Bresnahan v. City of Chicago, No. 1:2018cv01974 - Document 42 (N.D. Ill. 2018)

Court Description: MEMORANDUM Opinion and Order: Defendant City of Chicago's motion to dismiss 31 is denied. Status hearing held on 10/4/2018. Written discovery is to issue by 10/15/2018. Status hearing set for 12/4/2018 at 09:00 AM. Signed by the Honorable Thomas M. Durkin on 10/4/2018:Mailed notice(srn, )
Download PDF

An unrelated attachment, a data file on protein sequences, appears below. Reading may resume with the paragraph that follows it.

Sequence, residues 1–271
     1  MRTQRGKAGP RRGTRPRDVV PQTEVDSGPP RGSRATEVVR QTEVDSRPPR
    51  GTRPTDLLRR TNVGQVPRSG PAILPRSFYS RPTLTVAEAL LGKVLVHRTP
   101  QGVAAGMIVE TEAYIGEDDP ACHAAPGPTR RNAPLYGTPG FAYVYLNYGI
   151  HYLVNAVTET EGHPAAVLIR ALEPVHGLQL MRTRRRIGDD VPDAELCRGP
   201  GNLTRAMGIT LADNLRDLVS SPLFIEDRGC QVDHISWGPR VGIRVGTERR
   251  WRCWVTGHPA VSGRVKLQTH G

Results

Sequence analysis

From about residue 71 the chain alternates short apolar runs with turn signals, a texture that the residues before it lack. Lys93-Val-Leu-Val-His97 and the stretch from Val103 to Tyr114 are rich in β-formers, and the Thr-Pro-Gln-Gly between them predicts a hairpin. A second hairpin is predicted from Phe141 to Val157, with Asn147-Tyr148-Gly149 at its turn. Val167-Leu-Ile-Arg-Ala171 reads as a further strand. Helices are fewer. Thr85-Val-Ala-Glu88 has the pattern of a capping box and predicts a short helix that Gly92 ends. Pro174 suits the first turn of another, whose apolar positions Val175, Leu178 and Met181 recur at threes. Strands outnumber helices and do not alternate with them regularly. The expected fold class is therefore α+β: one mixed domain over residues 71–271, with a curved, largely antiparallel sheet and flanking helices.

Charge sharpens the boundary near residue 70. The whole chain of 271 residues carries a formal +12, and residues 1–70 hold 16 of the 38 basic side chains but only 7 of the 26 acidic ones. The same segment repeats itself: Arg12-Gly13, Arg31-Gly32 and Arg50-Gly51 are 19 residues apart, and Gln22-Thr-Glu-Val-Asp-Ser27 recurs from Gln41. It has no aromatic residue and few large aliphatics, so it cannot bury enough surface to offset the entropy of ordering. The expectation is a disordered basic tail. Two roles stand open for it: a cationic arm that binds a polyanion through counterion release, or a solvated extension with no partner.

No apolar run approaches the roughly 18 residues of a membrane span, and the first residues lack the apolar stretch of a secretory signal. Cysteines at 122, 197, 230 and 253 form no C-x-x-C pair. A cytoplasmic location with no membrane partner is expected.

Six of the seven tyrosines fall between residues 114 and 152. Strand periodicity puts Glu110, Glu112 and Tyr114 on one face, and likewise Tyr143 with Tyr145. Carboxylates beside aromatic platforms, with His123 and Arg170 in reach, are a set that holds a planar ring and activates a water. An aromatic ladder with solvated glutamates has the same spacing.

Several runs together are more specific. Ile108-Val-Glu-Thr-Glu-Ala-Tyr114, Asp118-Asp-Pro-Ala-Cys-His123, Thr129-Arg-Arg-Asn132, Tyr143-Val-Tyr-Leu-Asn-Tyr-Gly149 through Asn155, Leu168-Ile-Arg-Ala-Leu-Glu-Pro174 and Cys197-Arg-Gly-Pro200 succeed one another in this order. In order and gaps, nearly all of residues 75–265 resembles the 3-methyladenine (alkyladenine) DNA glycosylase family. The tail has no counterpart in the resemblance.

Bresnahan v. City of Chicago Doc. 42 UNITED STATES DISTRICT COURT FOR THE NORTHERN DISTRICT OF ILLINOIS EASTERN DIVISION MAUREEN BRESNAHAN, Plaintiff, v. CITY OF CHICAGO, a municipal corporation, and SGT. JAMES EGAN, in his individual capacity, Defendants. And ALLISON SCHLOSS, Plaintiff, v. CITY OF CHICAGO, a municipal corporation, and DEPUTY CHIEF STEVE E. GEORGAS, SGT. FREDERICK HARNISH, SGT. KAROLY HADJU, ANGEL ROMERO, and ROBERT FITZSIMMONS, in their individual capacities, Defendants. ) ) ) ) ) ) ) ) ) ) ) ) ) ) ) ) ) ) ) ) ) ) ) ) ) ) ) ) ) ) Case No. 18-cv-1974 Case No. 18-cv-1880 Judge Thomas M. Durkin MEMORANDUM OPINION AND ORDER Plaintiffs Allison Schloss and Maureen Bresnahan brought two separate actions both alleging sex discrimination against the City of Chicago and various City of Chicago Police Department (“CPD”) employees. Plaintiffs challenge the CPD’s alleged pattern and practice of sex discrimination against women applying for promotion to and employed in prestigious units within the CPD. Schloss v. City of Chicago et al., No. 18-cv-1880 (“Schloss”), R. 16 ¶ 2; Bresnahan v. City of Chicago et al., No. 18-cv-1974 (“Bresnahan”), R. 15 ¶ 2. Schloss brings her action against defendants City of Chicago and CPD current and former employees Steve Georgas, Frederick Harnish, Karoly Hadju, Angel Romero, and Robert Fitzsimmons in their individual capacities (collectively, the “Schloss defendants”). Schloss brings the following claims: sex discrimination in violation of Title VII of the Civil Rights Act of 1964 against the City of Chicago (Counts I, II, and III); the Equal Protection Act under 42 U.S.C. § 1983 against the City of Chicago (“Monell claim”) (Count IV); the Equal Protection Act against defendant Georgas (Count V); the Equal Protection Act as a result of a civil conspiracy by the individual defendants (Count VI); the Illinois Civil Rights Act against the City of Chicago (Count VII); and the Illinois Whistleblower Act against the City of Chicago (Count VIII). Bresnahan brings her action against defendants City of Chicago and CPD employee James Egan in his individual capacity (collectively the “Bresnahan defendants”). Bresnahan alleges sex discrimination in violation of Title VII against the City of Chicago (Count I); violation of the Equal Protection Act against the City of Chicago (“Monell claim”) (Count II); violation of the Equal Protection Act against defendant Egan (Count III); and violation of the Illinois Civil Rights Act against the City of Chicago (Count IV). 2 The defendants in both cases have filed motions to dismiss. Specifically, the Schloss defendants have moved to dismiss Counts IV, VI, and VIII of Schloss’s amended complaint. 1 Schloss, R. 20. The Bresnahan defendants have moved to dismiss Counts II and IV of Bresnahan’s complaint. Bresnahan, R. 31. Plaintiffs filed a consolidated response in opposition to the motions to dismiss. Because many of the facts and issues overlap, the Court will address both motions to dismiss in this opinion. For the reasons explained below, both motions are denied. LEGAL STANDARD A Rule 12(b)(6) motion challenges the “sufficiency of the complaint.” Berger v. Nat. Collegiate Athletic Assoc., 843 F.3d 285, 289 (7th Cir. 2016). A complaint must provide “a short and plain statement of the claim showing that the pleader is entitled to relief,” Fed. R. Civ. P. 8(a)(2), sufficient to provide defendant with “fair notice” of the claim and the basis for it. Bell Atl. Corp. v. Twombly, 550 U.S. 544, 555 (2007). This standard “demands more than an unadorned, the-defendant-unlawfullyharmed-me accusation.” Ashcroft v. Iqbal, 556 U.S. 662, 678 (2009). While “detailed factual allegations” are not required, “labels and conclusions, and a formulaic recitation of the elements of a cause of action will not do.” Twombly, 550 U.S. at 555. The complaint must “contain sufficient factual matter, accepted as true, to ‘state a claim to relief that is plausible on its face.’” Iqbal, 556 U.S. at 678 (quoting Twombly, 550 U.S. at 570). “‘A claim has facial plausibility when the plaintiff pleads factual 1 The defendants originally moved to dismiss Count V as well, but withdrew that motion during reply. See R. 45 at 1 n.1. 3 content that allows the court to draw the reasonable inference that the defendant is liable for the misconduct alleged.’” Boucher v. Fin. Sys. of Green Bay, Inc., 880 F.3d 362, 366 (7th Cir. 2018) (quoting Iqbal, 556 U.S. at 678). In applying this standard, the Court accepts all well-pleaded facts as true and draws all reasonable inferences in favor of the non-moving party. Tobey v. Chibucos, 890 F.3d 634, 646 (7th Cir. 2018). BACKGROUND A. Allison Schloss Lieutenant Allison Schloss has been a CPD officer since March 1990. Schloss, R. 16 ¶ 27. In May 2014, Schloss was promoted to commanding officer of the Marine and Helicopter Units of the CPD Special Functions Division. Id. ¶ 4. She alleges she was the first, and only, female commanding offer of the units. Id. ¶ 37. The Marine and Helicopter Units are located within the Special Functions Division of the CPD. That division includes the Marine and Helicopter Units, the Bomb Squad, the Special Weapons and Tactics (“SWAT”) Team, and other high-profile operations. Id. ¶ 5. Schloss alleges a history of harassment and discrimination against women by Steve Georgas, Deputy Chief of the Special Functions Division. Id. Schloss explains that under Georgas’s command, the number of women employed in the division was abysmal, consisting of no more than ten women in the entire division of about 175 people. Id. ¶¶ 6-7. Georgas’s gender discrimination affected Schloss on a day to day basis as well. Georgas constantly blamed Schloss for problems that were outside of her control, demanded she write (and unnecessarily re-write) reports explaining alleged faults or problems outside the scope of her responsibility, denied her approval 4 to attend training that he approved for male officers, undermined her authority with her subordinates, and disciplined her for following CPD policy. Id. ¶¶ 40-54. In May 2016, Georgas’s discrimination reached its peak. Schloss alleges that around May 9, 2016, she presented to Captain Marianovich her projections for the number of officers needed in the Marine and Helicopter Units to adequately staff the 2016 boating season. Id. ¶ 55. Those projections reflected that the units did not have a sufficient number of trained officers in the event of an emergency. Id. Despite these numbers, Schloss was not given any additional resources and was told not to allow officers to work overtime. On the Sunday of Memorial Day Weekend, a boater was reported missing. Id. ¶ 59. Schloss was not scheduled to be on duty that weekend, but Schloss responded to the report and took charge of the search regardless. Id. Unfortunately, the boater drowned. Id. Following the incident, on May 31, 2016, Georgas removed Schloss from her command of the Marine Unit, citing the drowning as the purported basis for his action. Id. ¶ 61. Georgas did not discipline the male sergeant who was on duty when the boater drowned. Id. On June 7, 2016, Schloss filed an internal workplace discrimination complaint with the Office of Legal Affairs, claiming that she had been subjected to unlawful sex discrimination by Georgas through her removal. Id. ¶ 65. The same day that Schloss filed an internal complaint, she alleges that Georgas conducted a meeting of Marine Unit supervisors, which included individual defendants Fitzsimmons, Harnish, Romero, and Hadju. Id. ¶ 66. Schloss alleges that in that meeting, the defendants 5 conspired to file a sexual harassment complaint against her. Id. ¶ 68. Following the meeting on June 7, 2016, Fitzsimmons, Harnish, Romero, and Hadju filed a sexual harassment complaint against Schloss, alleging that she touched an officer’s arm without his consent. Id. ¶ 70. On June 8, 2016, Schloss was formally removed from her command of the Helicopter Unit and transferred to the Major Accident Investigation Unit. Id. ¶ 72. B. Maureen Bresnahan Maureen Bresnahan is a detective for the CPD. Bresnahan, R. 15 ¶ 4. In February 2015, she applied for a promotion to the position of Explosives Technician I on the Bomb Squad. Id. The Bomb Squad is one of the prestigious units in the Special Functions Division. When Bresnahan applied for the promotion, Georgas oversaw the Special Functions Division as deputy chief. Id. ¶ 5. During the application process, Bresnahan obtained the top score along with two male candidates on the written MultiCraft Aptitude Test. Id. ¶ 9. This test was used to evaluate a candidate’s mechanical and electrical aptitude. Id. Ex. A. Sgt. James Egan, the commanding officer of the Bomb Squad and its hiring manager, described the other two top candidates as follows. The first, Candidate 53, was assigned to News Affairs. His “typical day at work” involved “coffee, news clips, [and] media inquiries.” Id. ¶ 13, Ex. B at 1. Candidate 53 had not worked on the street since 2009. Id. Notably, in response to a question asking him about his ability to make quick decisions, Candidate 53 described his arrest for domestic violence. Id. ¶ 14. 6 The other top candidate, Candidate 62, had “little experience” but had done his “homework.” Id. ¶ 17. Egan noted he “demonstrates some of the competency” on the Department Procedures and Scenario portion of the interview. Id. Egan thought Candidate 62’s description of the role of an Explosives Technician I was “OK.” Id. At the conclusion of the selection process, both candidates were placed on the Explosives Technician I promotions list. Id. Bresnahan received more points on the Department Procedures and Scenario portion than Candidate 62. Id. ¶ 18. The interviewers noted she “clearly demonstrate[d] competency” on the Scenario. Id. Bresnahan also received higher scores than a third candidate, Candidate 93, who was also placed on the promotions list. Id. ¶ 19. Bresnahan was not placed on the promotions list. The notes from the deciding meeting stated that Bresnahan was rejected for the promotion because she was “[b]est suited for clerical, office [work].” Id. ¶ 12, Defendants now seek to dismiss counts of both Schloss and Bresnahan’s complaints. The defendants argue that the Monell claims against the City of Chicago of both complaints must be dismissed because Plaintiffs failed to allege a policy, practice, or custom in the CPD. The Schloss defendants also seek to dismiss Schloss’s Equal Protection Act conspiracy claim and her Illinois Whistleblower Act claim. Along with the Monell claim, the Bresnahan defendants also seek to dismiss Bresnahan’s Illinois Civil Rights Act claim. The Court will address each claim in turn. 7 DISCUSSION I. Monell Claims (Schloss Count IV; Bresnahan Count II) Defendants first argue that both Plaintiffs’ Monell claims fail because they do not allege a sufficient number of incidents to establish a widespread practice by the CPD. A local government may not be sued under § 1983 for an injury inflicted solely by its employees or agents. Monell v. Department of Social Services of the City of N.Y., 436 U.S. 658, 694. But a local government may be liable for a § 1983 claim if a policy upheld by the entity caused the alleged violation. Plaintiffs may demonstrate the existence of a municipal policy through proof of an express policy causing the loss, a widespread practice constituting custom or usage causing the loss, or causation of the loss by a person with final policymaking authority. Kujawski v. Bd. of Comm’rs, 183 F.3d 734, 737 (7th Cir. 1999). At the pleading stage, a plaintiff must allege facts that permit the reasonable inference that the practice is so widespread so as to constitute a governmental custom. See McCauley v. City of Chicago, 671 F.3d 611, 618 (7th Cir. 2011) (citing Iqbal, 556 U.S. at 683). Defendants argue that each Plaintiffs’ allegations of her own treatment and the treatment of her co-plaintiff are merely isolated incidents insufficient to allege a widespread practice. In making this argument, defendants ignore Plaintiffs’ reliance on statistical analyses showing a poor showing of female representation in Special Functions units and allegations of hostility towards women in the Special Functions Division that are so pervasive that they establish an intent to discriminate. Specifically, Plaintiffs cite to the low number of women employed in various divisions 8 of the CPD Special Functions Division in March 2016 and March 2018 as evidence of CPD’s policy of discrimination against women. See Schloss, R. 16 ¶¶ 6-7. 2 Plaintiffs then point to a series of factual allegations related directly to CPD’s alleged custom, pattern, and practice of sex discrimination in the Special Functions Division. Schloss, R. 16 ¶¶ 77-80. 3 For example, Plaintiffs allege (a) women have been historically and continue to be excluded not just from “line” positions in Special Functions but also from command positions (for example, Schloss was the first and only woman to ever command the Marine and Helicopter Units); (b) the use of sexually biased procedures, such as non-blinded oral interviews, for promotions to the Bomb Squad and other positions in Special Functions (such as the interviews used to exclude Bresnahan); (c) reliance upon subjective, sexually biased procedures rather than objective standards in making final selection decisions for jobs in Special Functions; (d) the use of invalid physical fitness testing to exclude women from certain units, such as the SWAT Team; and (e) the City’s continuing failure to take adequate measures to eliminate gender bias from selection procedures in Special Functions despite the availability of measures that would reduce or eliminate discrimination against women. Id. Finally, as specific examples of these generalized allegations, Plaintiffs reference the conduct 2 The Seventh Circuit has held that statistical evidence may support a claim of a pattern or practice of discrimination when used in conjunction with other factual evidence in the record. See Adams v. Ameritech Services, Inc., 231 F.3d 414, 423-24 (7th Cir. 2000). 3 Both complaints cite the same facts. The Court cites to Schloss’s complaint only for reference. 9 against them—Schloss’s termination from the Marine and Helicopter Units and Bresnahan’s denied promotion despite her clear (and likely superior) qualifications. The Court finds that Plaintiffs’ statistical analyses and the general allegations of discrimination, combined with the specific allegations regarding Schloss and Bresnahan, plausibly allege a widespread practice that discriminates against women. Defendants’ motion to dismiss the Monell claims is denied. II. Equal Protection Conspiracy Claim (Schloss Count VI) In Count VI, Schloss alleges that individual defendants Georgas, Fitzsimmons, Harnish, Romero, and Hadju conspired to file false sexual harassment complaints against her to create a pretext for her removal from command of the Marine and Helicopter Units. Schloss, R. 16 ¶ 103. To plead a § 1983 conspiracy claim, Schloss must show “(1) that the individuals reached an agreement to deprive her of her constitutional rights, and (2) overt acts in furtherance actually deprived her of those rights.” Beaman v. Freesmeyer, 776 F.3d 500, 510 (7th Cir. 2015). The Schloss defendants argue Schloss cannot proceed on her claim because the intra-corporate conspiracy doctrine precludes it and because she has failed to state a claim for relief. The Court will address each argument in turn. A. Intra-Corporate Conspiracy Doctrine Under the intra-corporate conspiracy doctrine, a conspiracy cannot exist solely between members of the same entity. Wright v. Illinois Dept. of Children & Family Services, 40 F.3d 1492, 1508 (7th Cir. 1992). Under this doctrine, managers of a corporation jointly pursuing its lawful business do not become “conspirators” when 10 acts within the scope of their employment are said to be discriminatory or retaliatory. Id. The doctrine also applies to municipal corporations. Id. The Seventh Circuit has not extended the doctrine to conspiracy claims under § 1983. See Reitz v. Creighton, 2015 WL 5081485, at *4 (N.D. Ill. 2015). A majority of district courts in this circuit have found the intra-corporate conspiracy doctrine inapplicable to § 1983 cases involving police. See Cannon v. Burge, 2006 WL 273544, at *14 (N.D. Ill. Feb. 2, 2006) (collecting cases), aff’d, 752 F.3d 1079 (7th Cir. 2014). The Court need not decide whether the doctrine applies, because it finds that an exception to the doctrine is dispositive. There are two recognized exceptions to the intra-corporate conspiracy doctrine: (1) where corporate employees are shown to have been motivated solely by personal bias; and (2) where the conspiracy was part of some broader discriminatory pattern or permeated the ranks of the organization’s employees. Spalding v. City of Chicago, 24 F. Supp. 3d 765, 779 (N.D. Ill. 2014) (citing Hartman v. Bd. of Trustees Community College Dist. No. 508, Cook County, Ill., 4 F.3d 465, 470-71 (7th Cir. 1993)). The second exception applies here—at least on the pleadings—as the complaint alleges a widespread pattern of discrimination in the Special Functions Division, as discussed above. Schloss alleges that defendants Georgas, Fitzsimmons, Harnish, Romero, and Hadju conspired to submit sexual harassment complaints against her to further that widespread pattern of discrimination. 4 4 Even if that exception did not apply, courts have refused to extend the doctrine where the alleged conspiracy comprised an “independent course of conduct not intended by the employee to serve any purpose of the employer.” See Calabrese v. 11 B. Failure to State a Claim Defendants also argue that Schloss’s conspiracy allegations fail to state a claim because Schloss alleges that her removal as commander of the Marine Unit happened a week before the conspirators’ meeting. Schloss, R. 20 at 4. They point to the allegations that Schloss was removed from command “based upon sex discrimination and in retaliation for the filing of an internal sex discrimination complaint,” not because of the sexual harassment claim against her. See Schloss, R. 16 ¶ 72. Defendants misconstrue the complaint’s allegations. Schloss alleges she was removed from command of the Helicopter Unit on June 8, 2016, the day after the meeting and the individual defendants’ sexual harassment charges. Id. ¶ 72. Schloss also alleges the sexual harassment complaint was a “pretext to remove her from command.” Id. ¶ 68. Based on these allegations, it is plausible that the individual defendants conspired to create a false basis to remove Schloss that would not depend on her sex or on the fact that she filed an internal complaint. The Schloss defendants’ motion to dismiss Count VI is denied. III. Illinois Whistleblower Act (Schloss Count VIII) In Count VIII, Schloss alleges Georgas terminated her because she filed an internal complaint, in violation of the Illinois Whistleblower Act. Id. ¶¶ 13, 110. That act provides that “an employer may not retaliate against an employee for disclosing information to a government or law enforcement agency, where the employee has Foxx, 2017 WL 5517247, at *8 (N.D. Ill. Nov. 17, 2017). Because police misconduct cases usually involve “rogue activity by a small group of officers,” courts often decline to apply the doctrine in police misconduct cases. Id. at *7. 12 reasonable cause to believe that the information discloses a violation of state or federal law, rule, or regulation.” 740 ILCS 174/15(b). The defendants argue Schloss fails to explicitly allege that Georgas had any knowledge of Schloss’s internal complaint when he terminated her. Such a strict reading of the complaint is not required on a motion to dismiss. Instead, “‘[a] claim has facial plausibility when the plaintiff pleads factual content that allows the court to draw the reasonable inference that the defendant is liable for the misconduct alleged.’” Boucher, 880 F.3d at 366 (quoting Iqbal, 556 U.S. at 678). Here, the Court can easily draw the inference that Georgas knew of the complaint when he removed Schloss from command. Schloss alleges she filed an internal complaint on June 7, 2016. See Schloss, R. 16 ¶ 11. Two hours later, Georgas called a meeting that excluded Schloss. In that meeting, Georgas and the rest of the individual defendants allegedly conspired to file the false sexual harassment complaint against Schloss as a pretext for her termination. Id. at ¶ 12. The next day, Georgas removed Schloss from her command of the Helicopter Unit. Id. at ¶ 13. Schloss has plausibly alleged a violation of the Illinois Whistleblower Act. IV. Illinois Civil Rights Act (Bresnahan Count IV) Finally, the Bresnahan defendants seek to dismiss Count IV of Bresnahan’s complaint as duplicative of her Title VII gender discrimination claim in Count I. 5 Courts have authority to dismiss claims as duplicative of another where “the parties, 5 Defendants also argue that Bresnahan’s claim should be dismissed if her Monell claim is dismissed because Count IV merely “repackages” the Monell claim. R. 31 at 6. Because the Court found Bresnahan’s Monell claim to be sufficient, it declines to dismiss Bresnahan’s Illinois Civil Rights Act claim on that basis. 13 claims, facts and requested relief are substantially the same.” Van Vliet v. Cole Taylor Bank, 2011 WL 148059, at *2 (N.D. Ill. Jan. 18, 2011) (citing Norfleet v. Stroger, 297 Fed. App’x. 538, 540 (7th Cir. 2008)). Bresnahan points out that the two claims offer different relief—Title VII damages are capped at $300,000, while damages under the Illinois Civil Rights Act are not. Because the two claims do not offer the same relief, they are not duplicative. Defendants’ motion to dismiss is denied. CONCLUSION For the foregoing reasons, Defendants’ motion to dismiss Counts IV, VI, and VIII of Schloss’s complaint (No. 18-cv-1880, R. 20) is denied. Defendants’ motion to dismiss Counts II and IV of Bresnahan’s complaint (No. 18-cv-1974, R. 31) is also denied. ENTERED: Dated: October 4, 2018 _____________________________ Honorable Thomas M. Durkin United States District Judge 14